Imagine a parallel universe where the more competition there is, the better dominant players perform. Where the more competitors there are, the longer incumbents stay on top.
This is exactly what a new research paper concludes: increased competition entrenches the advantages of dominant firms. Johan Chua, Assistant Professor of Organisations and Strategy at the Chicago Booth School of Business conducted a series of simulations to show that – counter to what economic theory assumes – new players entering a market make life easier for dominants.
Why? Faced with too much choice people “default to largest most well-known providers.”
Whilst the paper relies on mathematical modelling, at its heart this is a story about psychology, not economics – our brains rather than our wallets.
Abundant information imposes a cognitive burden
Too much choice weighs us down: we end up taking mental shortcuts because thinking and deciding takes up a huge amount of energy.
Relying on known brands ends up being a pretty good solution if there’s loads of choice – you’re pretty much guaranteed a minimum level of quality.
Abundant information means cognitive biases are amplified
When we are overloaded with information it hampers our decision making and magnifies our cognitive biases.
For example we might focus on items that are more prominently displayed and be swayed by information which confirms our preconceptions. It might not feel like it at the time but we’re pushed into coping strategies which limit our decisions.
This applies to domains like entertainment too.
“As options multiply, choosing gets harder. You can’t possibly evaluate everything, so you start relying on cues like “this movie has Tom Hanks in it” or “I liked Red Dead Redemption, so I’ll probably like Red Dead Redemption II,” which makes you less and less likely to pick something unfamiliar.”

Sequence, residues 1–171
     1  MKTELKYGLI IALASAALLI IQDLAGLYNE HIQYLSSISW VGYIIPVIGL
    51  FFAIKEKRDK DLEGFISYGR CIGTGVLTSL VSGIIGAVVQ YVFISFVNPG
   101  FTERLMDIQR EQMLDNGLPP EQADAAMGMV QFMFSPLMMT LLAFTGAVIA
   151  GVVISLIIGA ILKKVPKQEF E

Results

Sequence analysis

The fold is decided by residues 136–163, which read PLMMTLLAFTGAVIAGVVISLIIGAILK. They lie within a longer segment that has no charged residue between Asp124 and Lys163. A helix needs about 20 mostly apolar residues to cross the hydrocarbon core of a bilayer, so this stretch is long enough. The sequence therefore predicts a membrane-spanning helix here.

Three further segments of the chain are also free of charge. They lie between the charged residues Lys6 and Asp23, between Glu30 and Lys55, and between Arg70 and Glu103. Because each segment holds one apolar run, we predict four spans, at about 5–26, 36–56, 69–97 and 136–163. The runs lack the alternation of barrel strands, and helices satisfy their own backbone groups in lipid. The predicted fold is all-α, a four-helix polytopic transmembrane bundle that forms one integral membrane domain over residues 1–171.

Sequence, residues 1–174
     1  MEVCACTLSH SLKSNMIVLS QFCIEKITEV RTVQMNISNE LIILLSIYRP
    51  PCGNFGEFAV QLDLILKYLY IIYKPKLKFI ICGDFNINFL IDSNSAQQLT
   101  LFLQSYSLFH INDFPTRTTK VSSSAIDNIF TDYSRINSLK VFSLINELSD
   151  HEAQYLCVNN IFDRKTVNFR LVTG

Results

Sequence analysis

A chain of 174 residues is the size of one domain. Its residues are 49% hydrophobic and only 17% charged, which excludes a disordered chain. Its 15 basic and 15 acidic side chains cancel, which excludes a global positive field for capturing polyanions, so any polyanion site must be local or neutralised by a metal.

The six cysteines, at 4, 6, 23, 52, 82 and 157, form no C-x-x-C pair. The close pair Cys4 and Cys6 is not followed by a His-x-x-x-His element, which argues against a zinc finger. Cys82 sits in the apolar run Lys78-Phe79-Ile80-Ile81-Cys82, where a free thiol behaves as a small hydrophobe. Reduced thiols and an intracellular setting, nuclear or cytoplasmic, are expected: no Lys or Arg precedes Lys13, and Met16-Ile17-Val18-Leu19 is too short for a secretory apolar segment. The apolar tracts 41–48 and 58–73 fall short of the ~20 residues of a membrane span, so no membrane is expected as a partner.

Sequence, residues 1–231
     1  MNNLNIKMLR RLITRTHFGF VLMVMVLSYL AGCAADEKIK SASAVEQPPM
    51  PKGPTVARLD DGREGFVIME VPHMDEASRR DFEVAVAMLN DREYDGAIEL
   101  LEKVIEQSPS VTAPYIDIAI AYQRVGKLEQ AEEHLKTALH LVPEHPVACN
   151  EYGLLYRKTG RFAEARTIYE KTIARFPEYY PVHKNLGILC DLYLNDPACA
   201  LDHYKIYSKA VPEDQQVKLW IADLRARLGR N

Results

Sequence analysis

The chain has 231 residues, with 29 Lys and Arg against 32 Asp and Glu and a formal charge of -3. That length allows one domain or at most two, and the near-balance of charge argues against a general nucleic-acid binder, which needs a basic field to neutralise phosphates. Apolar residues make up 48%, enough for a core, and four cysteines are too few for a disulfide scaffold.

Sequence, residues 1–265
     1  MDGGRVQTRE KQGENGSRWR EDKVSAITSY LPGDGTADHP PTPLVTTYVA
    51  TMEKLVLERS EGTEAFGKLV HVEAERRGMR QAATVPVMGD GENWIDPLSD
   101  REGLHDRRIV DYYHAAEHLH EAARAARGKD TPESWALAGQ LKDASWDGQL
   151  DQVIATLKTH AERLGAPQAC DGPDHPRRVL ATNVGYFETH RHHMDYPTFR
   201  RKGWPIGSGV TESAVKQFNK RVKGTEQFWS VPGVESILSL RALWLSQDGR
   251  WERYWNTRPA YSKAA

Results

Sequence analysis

I for one spend more time on the Netflix menu than watching Netflix. When “…six of the top seven films in 2021 were part of the Marvel Cinematic Universe, and the top nine films were in franchises” I know I’m not the only one finding it hard to choose a movie.
Some are jaded before they’ve even started
As one consumer put it to me recently: “Just the thought of searching for car insurance makes me feel exhausted.”
Let’s face it, the internet brings unwanted complexity to categories that don’t need it. Who benefits from getting 429 results when you search for a tin opener on Amazon? Probably not the buyer.
Our observational research shows buyers quickly develop shortcuts. Whilst this varies by category – a strategy of opting for the cheapest, a known brand or requiring a minimum number of reviews helps cut down the complexity.
Information overload means we need curation more than ever
If information overload is the problem then curation – relying on the judgement and taste of the informed to cut through complexity – is one answer. People are willing to pay for guidance, honed through experience, on what’s important and what’s not. Daniel Levitin, author of the Organised Mind puts it succinctly:
“Successful people— or people who can afford it— employ layers of people whose job it is to narrow the attentional filter. That is, corporate heads, political leaders, spoiled movie stars, and others whose time and attention are especially valuable have a staff of people around them who are effectively extensions of their own brains, replicating and refining the functions of the prefrontal cortex’s attentional filter.
For us mere mortals, this is more likely to mean a substack subscription from an informed insider, a pared down Twitter feed or just some trusted peers to help us along the way.
Who knows, maybe generative AI will develop into a digital concierge to smooth our paths. One thing’s for sure. The information age has created tension between accessibility and illumination, and we could all do with a little help.